Day of Action

Garment Worker Solidarity

USAS is committed to organizing in solidarity with garment workers to fight sweatshop conditions such as poverty wages, forced overtime, sexual harassment, union busting, and health and safety violations in the global apparel industry

From the beginning, USAS has identified the reckless business practices of apparel brands as the root cause of sweatshops. We also know that the only way to beat the brands and end sweatshop conditions is to help build a global labor movement that could take on the real bosses of the apparel industry on a transnational scale.

Using our unique leverage as students attending universities with multimillion-dollar apparel programs, USAS has run campaigns on campuses across the country to force apparel brands to respect workers rights. First, we demanded that our universities tell brands to disclose the locations of the factories producing collegiate apparel; then we pushed universities to adopt labor codes of conduct that set minimum standards for collegiate apparel production; then we compelled our schools to affiliate with the Worker Rights Consortium, the only independent apparel monitoring organization; and most recently we have campaigned for our universities to adopt a comprehensive sweat-free solution, called the Designated Suppliers Program.

Using all of these tools, USAS has waged strategic struggles alongside garment worker unions in the global South to demand that brands respect workers’ rights to living wages and safe working conditions, as well as the right to form democratic unions. Through international solidarity, USAS and workers have been able to achieve some of the anti-sweatshop movement’s landmark victories.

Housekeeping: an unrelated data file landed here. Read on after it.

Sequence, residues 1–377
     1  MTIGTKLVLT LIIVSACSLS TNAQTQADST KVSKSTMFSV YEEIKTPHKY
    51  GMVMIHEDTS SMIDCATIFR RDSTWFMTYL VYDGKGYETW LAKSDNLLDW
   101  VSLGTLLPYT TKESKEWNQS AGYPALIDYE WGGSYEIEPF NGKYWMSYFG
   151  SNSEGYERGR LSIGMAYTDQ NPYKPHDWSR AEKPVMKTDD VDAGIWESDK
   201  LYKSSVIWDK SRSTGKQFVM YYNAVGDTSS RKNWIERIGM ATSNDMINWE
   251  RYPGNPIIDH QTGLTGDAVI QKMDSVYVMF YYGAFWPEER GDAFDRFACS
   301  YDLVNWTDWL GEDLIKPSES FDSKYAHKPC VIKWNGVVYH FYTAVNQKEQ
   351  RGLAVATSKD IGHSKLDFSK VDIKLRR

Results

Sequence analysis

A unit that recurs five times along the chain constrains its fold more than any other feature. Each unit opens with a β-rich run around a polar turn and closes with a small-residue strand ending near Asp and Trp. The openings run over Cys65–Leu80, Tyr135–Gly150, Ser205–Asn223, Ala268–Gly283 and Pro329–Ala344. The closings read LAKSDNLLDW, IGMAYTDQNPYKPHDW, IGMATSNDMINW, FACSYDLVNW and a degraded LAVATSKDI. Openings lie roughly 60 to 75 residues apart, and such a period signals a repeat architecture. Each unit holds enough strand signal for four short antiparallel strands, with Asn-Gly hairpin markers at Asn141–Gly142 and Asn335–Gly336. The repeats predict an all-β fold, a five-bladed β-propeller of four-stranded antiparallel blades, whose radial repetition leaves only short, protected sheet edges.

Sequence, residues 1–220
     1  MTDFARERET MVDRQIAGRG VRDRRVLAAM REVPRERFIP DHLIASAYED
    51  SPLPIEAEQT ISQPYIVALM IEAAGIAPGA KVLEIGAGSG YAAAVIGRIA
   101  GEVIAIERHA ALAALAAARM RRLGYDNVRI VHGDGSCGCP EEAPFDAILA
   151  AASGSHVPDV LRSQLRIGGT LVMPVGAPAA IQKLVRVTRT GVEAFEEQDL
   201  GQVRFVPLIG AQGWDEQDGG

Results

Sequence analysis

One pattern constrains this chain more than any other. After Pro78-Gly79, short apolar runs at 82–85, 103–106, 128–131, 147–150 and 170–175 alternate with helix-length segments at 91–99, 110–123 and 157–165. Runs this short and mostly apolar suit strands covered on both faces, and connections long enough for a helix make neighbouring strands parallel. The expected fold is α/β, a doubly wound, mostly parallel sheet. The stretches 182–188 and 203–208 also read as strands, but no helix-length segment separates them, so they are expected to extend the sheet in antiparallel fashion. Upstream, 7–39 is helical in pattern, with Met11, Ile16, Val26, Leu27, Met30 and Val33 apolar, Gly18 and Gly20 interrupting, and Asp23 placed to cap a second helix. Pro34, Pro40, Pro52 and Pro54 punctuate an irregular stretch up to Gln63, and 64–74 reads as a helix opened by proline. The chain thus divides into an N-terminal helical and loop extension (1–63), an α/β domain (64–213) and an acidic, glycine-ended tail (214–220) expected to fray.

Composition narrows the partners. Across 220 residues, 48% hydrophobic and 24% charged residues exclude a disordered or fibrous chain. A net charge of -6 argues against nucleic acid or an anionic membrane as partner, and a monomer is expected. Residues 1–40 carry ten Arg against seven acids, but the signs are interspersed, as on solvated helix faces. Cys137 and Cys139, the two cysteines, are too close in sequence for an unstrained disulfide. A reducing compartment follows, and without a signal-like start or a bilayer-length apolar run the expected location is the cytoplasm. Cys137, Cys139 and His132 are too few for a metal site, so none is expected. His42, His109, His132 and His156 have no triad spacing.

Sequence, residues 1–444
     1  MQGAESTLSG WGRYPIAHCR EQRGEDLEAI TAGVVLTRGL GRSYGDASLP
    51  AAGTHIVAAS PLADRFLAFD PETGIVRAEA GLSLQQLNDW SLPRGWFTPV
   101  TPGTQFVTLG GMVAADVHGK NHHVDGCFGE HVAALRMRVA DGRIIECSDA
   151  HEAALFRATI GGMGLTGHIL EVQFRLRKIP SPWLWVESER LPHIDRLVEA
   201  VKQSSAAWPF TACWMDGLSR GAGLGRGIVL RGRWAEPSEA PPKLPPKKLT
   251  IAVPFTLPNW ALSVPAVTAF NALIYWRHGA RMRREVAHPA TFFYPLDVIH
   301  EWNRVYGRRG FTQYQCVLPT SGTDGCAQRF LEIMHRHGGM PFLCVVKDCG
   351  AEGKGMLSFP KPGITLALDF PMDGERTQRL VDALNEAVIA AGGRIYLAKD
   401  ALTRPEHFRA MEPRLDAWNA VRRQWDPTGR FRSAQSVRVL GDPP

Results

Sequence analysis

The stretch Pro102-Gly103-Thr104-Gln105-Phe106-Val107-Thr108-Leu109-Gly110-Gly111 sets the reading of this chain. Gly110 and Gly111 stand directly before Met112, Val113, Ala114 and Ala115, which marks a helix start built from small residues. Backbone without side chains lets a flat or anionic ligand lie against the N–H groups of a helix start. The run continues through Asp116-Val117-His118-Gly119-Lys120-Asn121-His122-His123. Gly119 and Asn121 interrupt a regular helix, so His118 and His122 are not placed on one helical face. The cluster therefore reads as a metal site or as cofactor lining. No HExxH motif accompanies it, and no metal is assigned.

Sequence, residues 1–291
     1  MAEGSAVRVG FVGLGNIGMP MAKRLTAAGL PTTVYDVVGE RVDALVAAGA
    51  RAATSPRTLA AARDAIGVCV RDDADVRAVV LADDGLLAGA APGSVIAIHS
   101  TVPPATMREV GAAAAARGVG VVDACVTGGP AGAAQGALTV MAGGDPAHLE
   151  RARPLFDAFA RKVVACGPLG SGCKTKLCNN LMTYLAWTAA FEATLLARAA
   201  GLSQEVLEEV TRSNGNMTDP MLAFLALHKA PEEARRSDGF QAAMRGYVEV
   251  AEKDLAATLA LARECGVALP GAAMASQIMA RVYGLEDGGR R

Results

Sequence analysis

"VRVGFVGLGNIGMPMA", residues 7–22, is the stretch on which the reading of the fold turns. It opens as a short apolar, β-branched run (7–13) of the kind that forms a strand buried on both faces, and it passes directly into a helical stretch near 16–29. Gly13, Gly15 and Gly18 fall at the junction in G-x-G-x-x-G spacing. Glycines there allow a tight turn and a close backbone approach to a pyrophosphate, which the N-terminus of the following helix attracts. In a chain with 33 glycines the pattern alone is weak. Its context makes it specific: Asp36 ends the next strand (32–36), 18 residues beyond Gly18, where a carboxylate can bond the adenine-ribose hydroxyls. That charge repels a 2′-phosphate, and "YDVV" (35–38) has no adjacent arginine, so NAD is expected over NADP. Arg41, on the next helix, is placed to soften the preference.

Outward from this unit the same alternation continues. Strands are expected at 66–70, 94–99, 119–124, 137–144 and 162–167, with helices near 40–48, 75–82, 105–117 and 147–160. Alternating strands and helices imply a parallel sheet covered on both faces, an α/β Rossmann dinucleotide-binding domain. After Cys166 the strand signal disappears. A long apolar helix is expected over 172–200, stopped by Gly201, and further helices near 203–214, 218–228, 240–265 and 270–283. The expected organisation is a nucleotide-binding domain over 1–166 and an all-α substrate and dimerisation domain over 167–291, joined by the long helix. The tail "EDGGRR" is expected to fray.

In fall of 2013, United Students Against Sweatshops launched the “End Deathtraps” campaign in response to the massive worker safety crisis in the Bangladesh garment industry – a crisis that has killed at least 1,500 garment workers since 2012. The goal of this campaign is to force college-logo apparel brands to sign the Bangladesh Safety Accord, a binding contract between apparel companies and global and Bangladeshi unions, signed by over 150 brands and retailers worldwide, that would require brands to take responsibility for safety in their subcontracted factories in a meaningful way to transform the garment industry from deathtraps to safe workplaces.

In particular, USAS is campaigning to hold VF Corporation, owner of Jansport, North Face, Vans, and Timberland, accountable for worker safety in Bangladesh. Despite its sizeable presence in Bangladesh and evidence of mishandling of safety hazards in its factories, VF Corporation has refused to sign the Bangladesh Safety Accord. Twenty-nine workers have already died in a VF supplier factory fire caused by faulty wiring and structural dysfunctions, but rather than signing the Accord, VF has joined forces with Walmart and the Gap to create a company-controlled, non-binding agreement called the “Alliance for Worker Safety.” Worker representatives and labor rights advocates have critiqued this program for its exclusion of workers and their representatives and its failure to obligate brands to pay a single cent toward the repair and renovation of unsafe factories.

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